Just weeks after a bizarre frilled shark was found on Australia's southeast coast, a rare and incredible-looking goblin shark has been caught off the coast of New South Wales, after being caught up in a fisherman's net.

As Kate Smith from Merimbula News reports, it was snared by local fisherman, Lochlainn Kelly, in Green Cape, which is just south of the town of Eden, on the NSW south coast. "We just winched up the wire and brought the net on and the shark was in the net," Kelly said. "I wasn't [freaked out], if anything I was pretty excited. I've seen photos of them before but I've never seen one before."

Upon bringing it to Wharf Aquarium curator Michael McMaster and marine biologist Alan Scrymgeour from the Sapphire Coast Marine Discovery Centre, Kelly had this incredible specimen identified as a goblin shark (Mitsukurina owstoni) - a species that usually lurks at depths of around 1,200 metres below the surface, well out of the way of any fisherman's tools. 

The pair estimate that the shark was only young - about two or three years old - based on its length of just over a metre. It's thought that goblin sharks don't tend to grow to over 4 metres in length, and the maximum recorded weight for an individual is 210 kg, but in 2000, a 6.2-metre-long female was captured, which means we're really not sure how big these finned enigmas are capable of growing.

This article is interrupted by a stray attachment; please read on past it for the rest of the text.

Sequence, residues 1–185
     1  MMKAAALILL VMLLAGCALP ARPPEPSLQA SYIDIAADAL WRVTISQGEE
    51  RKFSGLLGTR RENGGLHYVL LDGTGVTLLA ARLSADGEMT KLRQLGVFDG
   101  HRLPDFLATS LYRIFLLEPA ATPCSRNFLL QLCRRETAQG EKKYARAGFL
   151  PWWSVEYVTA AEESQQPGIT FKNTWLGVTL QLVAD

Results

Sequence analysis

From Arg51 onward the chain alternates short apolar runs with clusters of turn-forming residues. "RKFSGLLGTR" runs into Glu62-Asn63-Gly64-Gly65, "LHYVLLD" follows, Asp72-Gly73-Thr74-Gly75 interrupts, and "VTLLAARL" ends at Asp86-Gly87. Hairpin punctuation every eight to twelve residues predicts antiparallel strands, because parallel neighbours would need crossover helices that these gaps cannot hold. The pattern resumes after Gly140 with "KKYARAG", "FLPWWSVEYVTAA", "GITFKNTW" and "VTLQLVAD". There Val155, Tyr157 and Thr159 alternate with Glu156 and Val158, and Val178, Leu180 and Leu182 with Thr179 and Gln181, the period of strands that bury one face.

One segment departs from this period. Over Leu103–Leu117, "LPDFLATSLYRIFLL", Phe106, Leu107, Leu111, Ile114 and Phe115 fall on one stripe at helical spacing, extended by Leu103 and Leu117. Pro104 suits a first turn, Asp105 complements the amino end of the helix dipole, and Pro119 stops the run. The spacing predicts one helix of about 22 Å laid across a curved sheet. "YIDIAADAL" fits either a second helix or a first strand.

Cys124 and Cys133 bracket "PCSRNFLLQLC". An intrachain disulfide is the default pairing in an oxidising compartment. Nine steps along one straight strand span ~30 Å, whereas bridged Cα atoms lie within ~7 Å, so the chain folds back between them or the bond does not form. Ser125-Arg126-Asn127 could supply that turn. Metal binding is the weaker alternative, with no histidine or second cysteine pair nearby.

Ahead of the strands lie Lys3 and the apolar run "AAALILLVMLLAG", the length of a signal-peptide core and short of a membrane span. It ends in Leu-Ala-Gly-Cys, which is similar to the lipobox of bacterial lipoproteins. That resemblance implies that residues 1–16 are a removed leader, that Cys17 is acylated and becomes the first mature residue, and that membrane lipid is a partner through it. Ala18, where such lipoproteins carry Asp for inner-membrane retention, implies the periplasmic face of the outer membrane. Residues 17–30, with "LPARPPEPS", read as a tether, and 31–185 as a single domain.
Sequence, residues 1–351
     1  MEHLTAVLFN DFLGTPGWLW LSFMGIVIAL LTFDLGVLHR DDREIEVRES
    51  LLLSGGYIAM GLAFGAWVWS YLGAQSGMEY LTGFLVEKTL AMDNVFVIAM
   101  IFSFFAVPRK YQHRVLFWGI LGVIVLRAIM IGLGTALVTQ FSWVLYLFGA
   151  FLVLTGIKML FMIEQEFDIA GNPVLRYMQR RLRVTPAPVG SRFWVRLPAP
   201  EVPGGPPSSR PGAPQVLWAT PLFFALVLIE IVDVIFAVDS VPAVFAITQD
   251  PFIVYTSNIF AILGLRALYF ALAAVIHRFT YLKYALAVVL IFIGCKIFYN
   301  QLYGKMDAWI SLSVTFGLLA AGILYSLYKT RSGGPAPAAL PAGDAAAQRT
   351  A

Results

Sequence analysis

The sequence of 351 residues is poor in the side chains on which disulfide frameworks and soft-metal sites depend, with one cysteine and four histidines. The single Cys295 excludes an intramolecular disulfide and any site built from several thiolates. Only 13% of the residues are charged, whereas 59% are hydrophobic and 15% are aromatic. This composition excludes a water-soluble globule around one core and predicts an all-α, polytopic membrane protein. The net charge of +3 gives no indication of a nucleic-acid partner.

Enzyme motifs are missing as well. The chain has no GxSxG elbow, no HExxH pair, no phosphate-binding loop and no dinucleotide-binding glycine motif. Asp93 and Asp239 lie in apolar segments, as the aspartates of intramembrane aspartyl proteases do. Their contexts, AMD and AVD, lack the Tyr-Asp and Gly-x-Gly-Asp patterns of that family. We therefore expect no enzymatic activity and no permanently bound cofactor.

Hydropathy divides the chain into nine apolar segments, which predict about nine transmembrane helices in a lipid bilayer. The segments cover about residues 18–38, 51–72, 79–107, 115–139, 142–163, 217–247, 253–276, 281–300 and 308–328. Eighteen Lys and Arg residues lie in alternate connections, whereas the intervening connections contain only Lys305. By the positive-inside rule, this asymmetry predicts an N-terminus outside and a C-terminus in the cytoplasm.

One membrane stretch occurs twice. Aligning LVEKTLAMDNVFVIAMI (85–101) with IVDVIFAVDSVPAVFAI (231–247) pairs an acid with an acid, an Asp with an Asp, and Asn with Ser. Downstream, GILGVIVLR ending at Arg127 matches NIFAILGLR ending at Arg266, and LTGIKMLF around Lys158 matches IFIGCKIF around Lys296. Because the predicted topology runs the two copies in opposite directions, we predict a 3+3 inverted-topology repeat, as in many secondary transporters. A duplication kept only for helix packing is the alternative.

Scrymgeour told Merimbula News that the species has hit an "evolutionary dead end", as the only member of its genus, which stopped evolving about 70 million years ago. 

It's not clear why the species has remained so incredibly unchanged throughout the millennia, but it could simply be that it's already so good at surviving, there's a lack of selective pressure to drive evolutionary change. That wonderful 'nasal paddle' is how it detects its prey - it can pick up on small electrical fields given off by crustaceans, octopuses and squid, and when it finds them, it will extend its jaw almost to the end of its snout, and chomp them down, using over 100 rows of pointy teeth.

"Their teeth are often found in underwater electrical cables," McMaster told Merimbula News. "A lot of fishermen have been saying that the currents are very different this year," he added, which he thinks could be the reason it was caught much closer to the surface than it would normally go.

While it's super-sad that this shark had to die in order for us to see it, I always appreciate the reminder of how truly alien the deep sea is. Like this ridiculous megamouth shark, found off the coast of the Philippines last month. And we don't even know the half of what's lurking down there.

Head to Kate Smith's report at Merimbula News to see more images of the newly discovered goblin shark.

Source: Merimbula News